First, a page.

The last of the Ramsey family is dead.
Gripping a microphone.
the auctioneer stands firm atop the grave.
He speaks as rapid as an express train.
Stop listening for a moment
and a chair is a desk is a four-poster bed.
But all of us are too transfixed
to give up our ears to anyone but
this rampaging preacher of the household soul.
He wants us to know that on the fifth day
God created kitchens and bedrooms and bathrooms.
He holds up a crate of good china.
“What am I…what am I…what am I.”
What chance does a crack in a cup, a chip out of a plate,
have against his endless salesman’s sermon?
Someone buys a box of postcards.
A dealer stumbles to his car,
loaded up with books.
The snooty antique expert is apathetic
but thrusts a hand up for the pale blue sofa anyhow.
My mother snares herself a cheap green vase.
My father purchases a framed photograph of a ballpark.
I’m told to stand still, keep my hands in my pockets,
otherwise, who knows what I might commit to.
Bargain hunting satisfied, we leave.
“Going, going, gone!” shouts the auctioneer.
That’s true enough,
first the people, then their possessions,
then the ones who’ve made off with their lives.
John Grey is an Australian poet and a US resident. His work has been recently published in Examined Life Journal, Studio One, and Columbia Review, and new work is upcoming in Leading Edge and Midwest Quarterly.
That month we burnt the almanac
and saved all the rain. When tuned,
an apple makes a sound like a violin.
The men in our town knew more than they
let on, how the beer grew dark along with the sky
and the moon fell through the night like a candle.
They let the one without a leg go first,
then the one without an arm.
After enough men, the body turns into a room.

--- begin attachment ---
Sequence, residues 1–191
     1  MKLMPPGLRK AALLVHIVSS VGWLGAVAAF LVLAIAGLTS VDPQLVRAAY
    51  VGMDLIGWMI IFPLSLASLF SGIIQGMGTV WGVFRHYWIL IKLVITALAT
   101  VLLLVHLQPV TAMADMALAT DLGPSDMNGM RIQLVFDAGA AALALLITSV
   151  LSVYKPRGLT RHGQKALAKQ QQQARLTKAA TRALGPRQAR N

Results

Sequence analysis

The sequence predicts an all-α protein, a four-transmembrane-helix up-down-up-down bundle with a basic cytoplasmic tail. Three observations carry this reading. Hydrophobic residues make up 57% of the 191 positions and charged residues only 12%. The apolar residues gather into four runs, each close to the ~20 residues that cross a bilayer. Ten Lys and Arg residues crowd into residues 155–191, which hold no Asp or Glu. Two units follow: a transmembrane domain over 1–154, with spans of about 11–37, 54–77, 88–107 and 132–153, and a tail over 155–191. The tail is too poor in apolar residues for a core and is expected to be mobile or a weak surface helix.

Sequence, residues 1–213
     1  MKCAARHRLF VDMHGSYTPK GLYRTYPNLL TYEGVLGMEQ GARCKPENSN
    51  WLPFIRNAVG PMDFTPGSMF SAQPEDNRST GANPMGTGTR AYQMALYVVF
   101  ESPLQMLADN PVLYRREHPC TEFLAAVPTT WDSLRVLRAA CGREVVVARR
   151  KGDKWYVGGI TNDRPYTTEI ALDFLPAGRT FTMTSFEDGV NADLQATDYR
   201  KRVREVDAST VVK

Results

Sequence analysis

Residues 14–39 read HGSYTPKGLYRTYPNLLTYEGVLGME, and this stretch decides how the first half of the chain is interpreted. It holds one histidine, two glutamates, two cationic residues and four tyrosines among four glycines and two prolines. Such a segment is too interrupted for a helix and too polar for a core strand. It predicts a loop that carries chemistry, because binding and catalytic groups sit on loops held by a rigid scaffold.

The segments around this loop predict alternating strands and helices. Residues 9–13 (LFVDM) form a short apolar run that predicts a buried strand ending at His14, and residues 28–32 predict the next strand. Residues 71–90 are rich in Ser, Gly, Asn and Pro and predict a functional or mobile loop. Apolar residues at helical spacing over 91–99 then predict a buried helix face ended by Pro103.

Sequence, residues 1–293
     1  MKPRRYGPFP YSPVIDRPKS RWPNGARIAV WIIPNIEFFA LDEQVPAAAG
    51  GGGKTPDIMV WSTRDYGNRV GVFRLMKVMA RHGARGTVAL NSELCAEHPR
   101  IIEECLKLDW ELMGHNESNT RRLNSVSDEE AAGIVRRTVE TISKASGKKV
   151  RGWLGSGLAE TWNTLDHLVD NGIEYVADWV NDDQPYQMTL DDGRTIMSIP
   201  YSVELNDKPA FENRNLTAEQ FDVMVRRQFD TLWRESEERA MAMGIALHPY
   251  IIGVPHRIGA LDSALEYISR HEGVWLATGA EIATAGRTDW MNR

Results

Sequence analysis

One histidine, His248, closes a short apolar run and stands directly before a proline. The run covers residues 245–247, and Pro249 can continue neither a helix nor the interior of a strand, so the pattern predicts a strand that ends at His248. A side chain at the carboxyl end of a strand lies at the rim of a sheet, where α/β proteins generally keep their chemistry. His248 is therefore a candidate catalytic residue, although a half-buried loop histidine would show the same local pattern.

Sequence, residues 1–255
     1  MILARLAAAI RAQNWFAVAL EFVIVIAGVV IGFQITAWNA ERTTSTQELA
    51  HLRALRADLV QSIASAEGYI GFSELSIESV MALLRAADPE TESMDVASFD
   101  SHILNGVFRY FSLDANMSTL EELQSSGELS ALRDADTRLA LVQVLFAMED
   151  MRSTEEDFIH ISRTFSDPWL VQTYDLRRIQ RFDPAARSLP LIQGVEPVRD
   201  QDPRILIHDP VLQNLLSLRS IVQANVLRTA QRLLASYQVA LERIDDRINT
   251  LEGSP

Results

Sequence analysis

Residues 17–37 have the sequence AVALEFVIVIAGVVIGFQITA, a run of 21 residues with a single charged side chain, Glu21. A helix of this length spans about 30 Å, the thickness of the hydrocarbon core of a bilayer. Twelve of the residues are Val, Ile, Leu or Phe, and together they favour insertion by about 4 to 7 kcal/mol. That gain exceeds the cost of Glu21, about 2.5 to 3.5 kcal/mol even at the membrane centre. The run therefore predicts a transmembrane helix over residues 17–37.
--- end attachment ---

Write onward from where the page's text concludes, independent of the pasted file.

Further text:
They’d been to war, that was their spoil;
one had a grenade almost lit in his throat;
that was their spoil.
Not easy, to be the one to bear the news.
To say your daughter was found, here, not there,
not back in her bed, to say
there was no light in the building. Just each buckle
shining like an orange.
To say, they did it to get better,
they were months without it;
her hair looked too much like their wives.
To say, they did it to feed their family,
that’s all it was, that’s all it was.
Meggie Royer is a writer and photographer from the Midwest who is currently working as an educator on domestic violence in Minnesota. Her poems have previously appeared in Words Dance Magazine, The Harpoon Review, Melancholy Hyperbole, and more. She has won national medals for her poetry and a writing portfolio in the Scholastic Art and Writing Awards, and was the Macalester Honorable Mention recipient of the 2015 Academy of American Poets Student Poetry Prize.
The Lover of Zeus
She woke up on the beach, covered in sand
the broken arm of a starfish clutched in her fist
as if in payment for an especially horrific deed.
She dropped the single, spiky limb as soon as she knew
what it was, watched it twist in the wake before rolling
back out to sea, perhaps to grow a whole new body,
perhaps in search of its old one.
There are risks that come with having trysts with a god,
both to the mother and the child. She knew this,
that she might be pregnant with a bear or a wolf
or a sad, lonely thing with snakes for hair, a child
predestined to die some horrible death:
ripped apart by Amazons, gored by a bull,
nailed to a cross.
Holly Day has taught writing classes at the Loft Literary Center in Minneapolis, Minnesota, since 2000. Her poetry has recently appeared in Tampa Review, SLAB, and Gargoyle, and her published books include Walking Twin Cities, Music Theory for Dummies, and Ugly Girl.